Streets lined for prison officer funeral (UTV)

David Black, the prison officer who was murdered as he travelled to work last week, has been described as “a man committed to peace” at his funeral service.

The married father of two was shot when he was ambushed while driving on the M1 motorway on Thursday. Mr Black worked at Maghaberry prison, where republican inmates have been holding protests. He is the first NI prison officer to be murdered by paramilitaries in almost 20 years.

Shops closed and hundreds of people lined the streets as Cookstown came to a standstill on Tuesday, with former colleagues from the prison service and friends from the Orange Order among those who gathered to pay their respects at Mr Black’s funeral.

Reverend Tom Greer of Molesworth Presbyterian Church, where Mr Black attended regularly, said he was horrified at the brutality of his murder.

“It is so terrible that evil men with such hatred in their hearts should rob us of a great man like David with love and kindness in his heart,” he said.

David Black was a man of honour and principle, a man of kindness and generosity, a man committed to peace and prosperity in Northern Ireland – all those things completely the opposite of the murderous thugs and bloodthirsty criminals who took David’s life.

Rev Greer
Rev Greer said former prisoners had spoken of the impact that Mr Black had on their life.

“David viewed his work as something that was meant to improve society. He wanted those who came into prison to leave as changed men.”

A private service was held at Mr Black’s home, before the family made their way to the church, where his children Kyle and Kyra paid personal tribute to their 52-year-old father.

His teenage daughter read out a poem about her father describing his “big smile and chuckle” which brightened up her day.

The emotional tribute continued: “Our love will be everlasting, that will never ever change.

“But the one thing I want t you to know is that I’m so proud of you. You’re not just my daddy, but forever my special hero.”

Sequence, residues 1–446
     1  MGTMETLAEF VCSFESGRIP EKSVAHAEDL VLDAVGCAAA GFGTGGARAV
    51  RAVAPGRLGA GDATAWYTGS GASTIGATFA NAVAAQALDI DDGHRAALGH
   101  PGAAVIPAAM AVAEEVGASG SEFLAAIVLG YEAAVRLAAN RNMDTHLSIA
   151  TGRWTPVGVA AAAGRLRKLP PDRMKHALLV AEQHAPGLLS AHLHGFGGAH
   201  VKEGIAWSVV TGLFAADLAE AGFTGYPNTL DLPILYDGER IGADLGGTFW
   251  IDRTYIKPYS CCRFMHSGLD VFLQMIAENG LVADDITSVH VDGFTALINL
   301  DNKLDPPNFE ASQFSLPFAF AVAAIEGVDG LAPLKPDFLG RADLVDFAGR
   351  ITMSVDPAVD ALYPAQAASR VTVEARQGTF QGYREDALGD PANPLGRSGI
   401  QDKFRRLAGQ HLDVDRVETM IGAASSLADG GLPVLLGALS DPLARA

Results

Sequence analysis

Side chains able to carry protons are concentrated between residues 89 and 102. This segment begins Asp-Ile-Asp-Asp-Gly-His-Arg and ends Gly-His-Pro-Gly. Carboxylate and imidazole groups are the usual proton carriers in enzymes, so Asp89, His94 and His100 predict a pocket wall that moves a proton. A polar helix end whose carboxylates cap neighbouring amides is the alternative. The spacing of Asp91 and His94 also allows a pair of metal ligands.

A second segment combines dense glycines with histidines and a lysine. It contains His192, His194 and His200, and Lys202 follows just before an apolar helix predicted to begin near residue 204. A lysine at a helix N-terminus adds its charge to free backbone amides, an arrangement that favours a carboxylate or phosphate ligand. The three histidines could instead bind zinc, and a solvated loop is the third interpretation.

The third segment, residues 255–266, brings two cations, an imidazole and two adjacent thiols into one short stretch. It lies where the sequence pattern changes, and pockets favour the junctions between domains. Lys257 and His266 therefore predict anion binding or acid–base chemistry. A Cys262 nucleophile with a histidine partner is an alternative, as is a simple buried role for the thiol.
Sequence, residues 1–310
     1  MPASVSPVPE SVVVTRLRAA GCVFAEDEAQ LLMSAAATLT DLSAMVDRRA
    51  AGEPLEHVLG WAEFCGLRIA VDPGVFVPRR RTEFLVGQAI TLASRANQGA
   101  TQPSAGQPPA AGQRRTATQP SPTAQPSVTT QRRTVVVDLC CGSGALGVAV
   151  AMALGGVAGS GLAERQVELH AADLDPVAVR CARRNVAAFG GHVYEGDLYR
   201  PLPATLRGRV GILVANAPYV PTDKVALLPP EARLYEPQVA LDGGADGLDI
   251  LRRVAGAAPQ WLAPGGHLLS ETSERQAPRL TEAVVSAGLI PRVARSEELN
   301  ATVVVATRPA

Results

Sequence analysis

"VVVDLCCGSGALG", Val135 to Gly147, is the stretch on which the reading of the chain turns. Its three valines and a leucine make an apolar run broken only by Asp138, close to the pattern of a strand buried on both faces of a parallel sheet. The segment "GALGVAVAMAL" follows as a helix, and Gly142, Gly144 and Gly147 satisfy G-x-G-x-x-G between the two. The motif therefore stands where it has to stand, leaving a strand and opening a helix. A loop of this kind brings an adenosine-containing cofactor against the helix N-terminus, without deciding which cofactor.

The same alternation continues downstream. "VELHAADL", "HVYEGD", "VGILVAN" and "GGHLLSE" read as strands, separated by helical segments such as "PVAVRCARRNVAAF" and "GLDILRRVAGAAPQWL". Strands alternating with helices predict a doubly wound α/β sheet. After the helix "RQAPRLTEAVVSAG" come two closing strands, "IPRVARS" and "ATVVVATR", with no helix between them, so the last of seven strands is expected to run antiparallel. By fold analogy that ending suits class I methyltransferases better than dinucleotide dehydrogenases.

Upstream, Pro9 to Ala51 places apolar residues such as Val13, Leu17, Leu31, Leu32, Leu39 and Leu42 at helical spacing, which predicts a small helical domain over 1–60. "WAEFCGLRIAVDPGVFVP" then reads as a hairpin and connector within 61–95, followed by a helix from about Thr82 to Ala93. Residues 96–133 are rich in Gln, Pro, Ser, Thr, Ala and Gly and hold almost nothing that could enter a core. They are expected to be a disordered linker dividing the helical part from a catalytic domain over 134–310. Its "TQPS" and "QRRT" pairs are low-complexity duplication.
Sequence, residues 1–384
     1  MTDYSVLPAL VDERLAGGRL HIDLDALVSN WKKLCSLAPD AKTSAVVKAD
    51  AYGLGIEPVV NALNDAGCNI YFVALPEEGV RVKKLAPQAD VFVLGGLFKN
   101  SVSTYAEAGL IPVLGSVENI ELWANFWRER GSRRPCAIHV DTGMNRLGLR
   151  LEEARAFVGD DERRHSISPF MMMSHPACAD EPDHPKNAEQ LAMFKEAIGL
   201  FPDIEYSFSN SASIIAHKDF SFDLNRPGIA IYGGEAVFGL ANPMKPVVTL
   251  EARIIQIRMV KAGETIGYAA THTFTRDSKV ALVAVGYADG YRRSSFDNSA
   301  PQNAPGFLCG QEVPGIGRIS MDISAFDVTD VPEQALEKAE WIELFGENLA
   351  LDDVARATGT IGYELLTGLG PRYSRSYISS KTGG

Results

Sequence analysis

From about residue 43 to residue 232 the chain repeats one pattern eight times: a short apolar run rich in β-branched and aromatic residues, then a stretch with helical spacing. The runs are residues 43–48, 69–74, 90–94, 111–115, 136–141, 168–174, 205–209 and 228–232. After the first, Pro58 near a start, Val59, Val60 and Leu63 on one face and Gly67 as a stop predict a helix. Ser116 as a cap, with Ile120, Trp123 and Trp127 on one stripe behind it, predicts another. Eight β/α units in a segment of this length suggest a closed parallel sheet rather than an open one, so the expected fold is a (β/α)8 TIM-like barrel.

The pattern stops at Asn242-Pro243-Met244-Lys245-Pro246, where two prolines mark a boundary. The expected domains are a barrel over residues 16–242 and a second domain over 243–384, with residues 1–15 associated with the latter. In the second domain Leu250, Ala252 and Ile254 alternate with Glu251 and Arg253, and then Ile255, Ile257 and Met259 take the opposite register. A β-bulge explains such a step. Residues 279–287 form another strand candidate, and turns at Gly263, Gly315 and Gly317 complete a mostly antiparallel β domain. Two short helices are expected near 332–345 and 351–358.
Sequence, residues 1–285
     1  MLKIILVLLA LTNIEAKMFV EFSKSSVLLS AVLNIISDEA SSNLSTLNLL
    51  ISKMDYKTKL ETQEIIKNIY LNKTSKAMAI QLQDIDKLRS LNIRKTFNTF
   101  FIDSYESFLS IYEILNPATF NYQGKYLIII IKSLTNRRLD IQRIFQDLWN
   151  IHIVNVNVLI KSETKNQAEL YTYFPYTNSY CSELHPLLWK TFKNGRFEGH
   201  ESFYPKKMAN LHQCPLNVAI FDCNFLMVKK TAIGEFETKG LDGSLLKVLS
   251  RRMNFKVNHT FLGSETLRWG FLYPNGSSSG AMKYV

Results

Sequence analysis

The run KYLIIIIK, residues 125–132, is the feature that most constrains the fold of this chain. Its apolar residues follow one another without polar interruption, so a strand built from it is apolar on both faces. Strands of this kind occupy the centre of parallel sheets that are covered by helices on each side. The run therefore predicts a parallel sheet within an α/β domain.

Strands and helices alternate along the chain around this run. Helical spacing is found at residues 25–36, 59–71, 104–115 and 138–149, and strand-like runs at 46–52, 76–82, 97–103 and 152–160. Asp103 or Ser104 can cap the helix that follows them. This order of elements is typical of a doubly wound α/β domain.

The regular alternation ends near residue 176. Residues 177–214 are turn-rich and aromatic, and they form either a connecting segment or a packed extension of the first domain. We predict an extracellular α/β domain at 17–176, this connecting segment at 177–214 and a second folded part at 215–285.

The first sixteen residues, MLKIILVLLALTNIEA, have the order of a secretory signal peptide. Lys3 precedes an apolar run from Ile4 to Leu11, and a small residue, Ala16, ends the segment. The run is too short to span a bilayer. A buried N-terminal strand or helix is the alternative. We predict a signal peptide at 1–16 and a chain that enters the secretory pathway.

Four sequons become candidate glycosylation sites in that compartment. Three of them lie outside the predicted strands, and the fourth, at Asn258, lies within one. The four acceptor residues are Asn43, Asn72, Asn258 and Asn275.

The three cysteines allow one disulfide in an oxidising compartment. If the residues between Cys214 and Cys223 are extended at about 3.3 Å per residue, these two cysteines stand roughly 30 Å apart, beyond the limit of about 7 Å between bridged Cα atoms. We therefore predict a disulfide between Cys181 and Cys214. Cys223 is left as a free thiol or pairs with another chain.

Kyle said: “They can take daddy from us. They can deprive Kyra and me of a devoted father and mummy of a loving husband, but they can never take away the love that we have in our hearts and the memories that we will all cherish for the rest of our lives.

“Daddy may not be here in person but he will be here with us all in spirit.”

He continued: “Although daddy was small in stature he had had a large impact on the lives of everybody that knew him and he’s left a huge legacy – one that my mummy, Kyra and myself will be so, so proud to carry on.”

The family were joined at the church by politicians including First Minister Peter Robinson, Ulster Unionist leader Mike Nesbitt and SDLP leader Alasdair McDonnell.

Deputy First Minister Martin McGuinness offered to go to the funeral, but it is believed the Black family asked him not to attend.

A number of other politicians were also at the funeral, as well as the PSNI Chief Constable and the Director General of the Northern Ireland Prison Service and his southern counterpart.

Prison officer’s murder ‘attack on whole community’ (Belfast Telegraph)

Colleagues from the Northern Ireland Prison Service shouldered the coffin of the first warder killed by paramilitaries in Northern Ireland for 20 years at his funeral today.

A kilt-wearing bagpiper playing a lament led six prison officers wearing immaculate navy blue suits and caps as they carried the remains of David Black, 52, military-style through the empty streets of Cookstown, Co Tyrone. Prison service hat and gloves and the union flag were carried on the coffin as lined officers formed a guard of honour.

Family members, including son Kyle, brought the married father of two’s body the last few steps into Molesworth Presbyterian Church.

First Minister Peter Robinson, PSNI chief constable Matt Baggott and Northern Ireland Secretary Theresa Villiers attended.

Mr Black was shot at high speed on a motorway by suspected dissident republicans on Thursday as he drove to work at the high-security Maghaberry prison, Co Antrim.

The head of the Presbyterian Church, Dr Roy Patton, said it was an attack on the whole community.

“We are together in this, totally united as churches, politicians, civic society, ordinary men and women who feel for you today in your unspeakable loss, and who in the strongest possible terms are outraged by such an evil deed,” he said.